Report Blasts Boeing and FAA for Crashes

Recently, the House Transportation Committee issued a scathing report, blaming failed government oversight by the FAA (Federal Aviation Administration) and design flaws for the recent crash of two Boeing 737 Max aircrafts. The report claims Boeing was aware of the design flaws and failed to take action to prevent the crashes.

The committee’s 246-page report was created in response to two recent 737 Max aircraft crashes that occurred within five months of each other. The report states, “The fact that a compliant airplane suffered from two deadly crashes in less than five months, is clear evidence that the current regulatory system is fundamentally flawed.”

The report details changes in legislation to the approval process, such as the FAA’s delegation of some oversight to aircraft manufacturers. Committee Chairman, Peter DeFazio stated “we will be adopting significant reforms.” According to statements, one improvement will require the FAA to do more review when there is significant change to an already existing aircraft.

The investigation focused on why Boeing was able to obtain approval without significant pilot training, by convincing the FAA that the 737 Max was merely another version of the 737 series aircraft.

When Boeing modified their existing 737 series with larger engines and changed the position of the engines, a software package was added called MCAS or Maneuvering Characteristics Augmentation System, which automatically lowers the aircrafts nose when it detects a pitch angle that is too steep. Unfortunately, the MCAS system ultimately created the conditions that caused both 737 Max aircrafts to crash. According to reports, Boeing failed to disclose to regulators that the MCAS system functioned on only one sensor. Boeing’s failure to use multiple sensors ultimately led to a malfunction of the MCAS system, causing the nose of the aircraft to incorrectly be pushed down and crash.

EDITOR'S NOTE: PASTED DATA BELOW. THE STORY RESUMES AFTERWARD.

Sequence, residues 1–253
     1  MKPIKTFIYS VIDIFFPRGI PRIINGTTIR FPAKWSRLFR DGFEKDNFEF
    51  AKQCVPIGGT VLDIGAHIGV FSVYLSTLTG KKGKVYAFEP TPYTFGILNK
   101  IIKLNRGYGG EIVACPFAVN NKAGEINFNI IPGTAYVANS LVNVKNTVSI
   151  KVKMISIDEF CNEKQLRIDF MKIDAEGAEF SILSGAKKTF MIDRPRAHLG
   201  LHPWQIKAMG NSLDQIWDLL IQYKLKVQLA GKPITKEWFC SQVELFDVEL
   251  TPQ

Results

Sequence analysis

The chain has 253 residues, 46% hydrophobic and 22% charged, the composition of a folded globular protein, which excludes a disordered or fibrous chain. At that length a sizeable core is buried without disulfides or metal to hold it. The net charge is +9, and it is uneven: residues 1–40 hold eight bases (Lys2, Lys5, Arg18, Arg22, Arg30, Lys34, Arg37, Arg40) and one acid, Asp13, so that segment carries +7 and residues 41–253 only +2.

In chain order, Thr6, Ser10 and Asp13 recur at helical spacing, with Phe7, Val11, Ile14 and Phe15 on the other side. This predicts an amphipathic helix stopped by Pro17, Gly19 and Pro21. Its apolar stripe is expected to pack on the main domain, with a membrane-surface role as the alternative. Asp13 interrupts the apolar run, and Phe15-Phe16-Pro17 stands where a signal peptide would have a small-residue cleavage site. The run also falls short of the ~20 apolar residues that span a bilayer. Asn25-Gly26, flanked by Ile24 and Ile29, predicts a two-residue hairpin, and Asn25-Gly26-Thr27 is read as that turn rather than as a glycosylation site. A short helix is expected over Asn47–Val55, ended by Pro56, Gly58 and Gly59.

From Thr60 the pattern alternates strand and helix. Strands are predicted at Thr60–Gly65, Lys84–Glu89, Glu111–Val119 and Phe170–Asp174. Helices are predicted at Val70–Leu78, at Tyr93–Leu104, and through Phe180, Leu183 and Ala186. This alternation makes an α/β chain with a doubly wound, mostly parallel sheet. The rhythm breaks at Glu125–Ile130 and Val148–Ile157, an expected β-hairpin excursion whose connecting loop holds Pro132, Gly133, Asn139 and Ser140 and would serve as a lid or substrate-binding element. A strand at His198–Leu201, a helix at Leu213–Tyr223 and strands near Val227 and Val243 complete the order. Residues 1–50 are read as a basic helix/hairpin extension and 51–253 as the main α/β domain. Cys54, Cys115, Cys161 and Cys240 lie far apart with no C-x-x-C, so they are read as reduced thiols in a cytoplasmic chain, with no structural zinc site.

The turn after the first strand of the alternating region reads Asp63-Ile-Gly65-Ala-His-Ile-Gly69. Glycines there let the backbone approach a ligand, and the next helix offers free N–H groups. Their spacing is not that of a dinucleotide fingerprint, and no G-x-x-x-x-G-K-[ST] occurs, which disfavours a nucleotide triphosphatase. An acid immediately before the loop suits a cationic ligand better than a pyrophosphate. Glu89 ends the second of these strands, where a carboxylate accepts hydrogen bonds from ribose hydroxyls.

During the testing phase ten different test pilots determined that pilot reaction times to the MCAS malfunctioning were not within federal guidelines. Boeing had four “authorized representatives” allowed to act on the FAA’s behalf and according to the report they were aware of the slow reaction time. Unfortunately, the concerns of the test pilots were never disclosed to the FAA.

According to the report, Boeing’s bad decision-making started in 2011 when their contract with Southwest Airlines required a reduction of one million dollars on each 737 Max’s price, if additional simulator training was required.

Currently, the FAA is requiring that changes be made to the Max aircraft before it flies again.

If you or someone you know has been injured due to an aviation related incident, contact an attorney at Abraham, Watkins, Nichols, Agosto, Aziz & Stogner by calling 713-231-9360 or 1-888-229-5094 for your free consultation.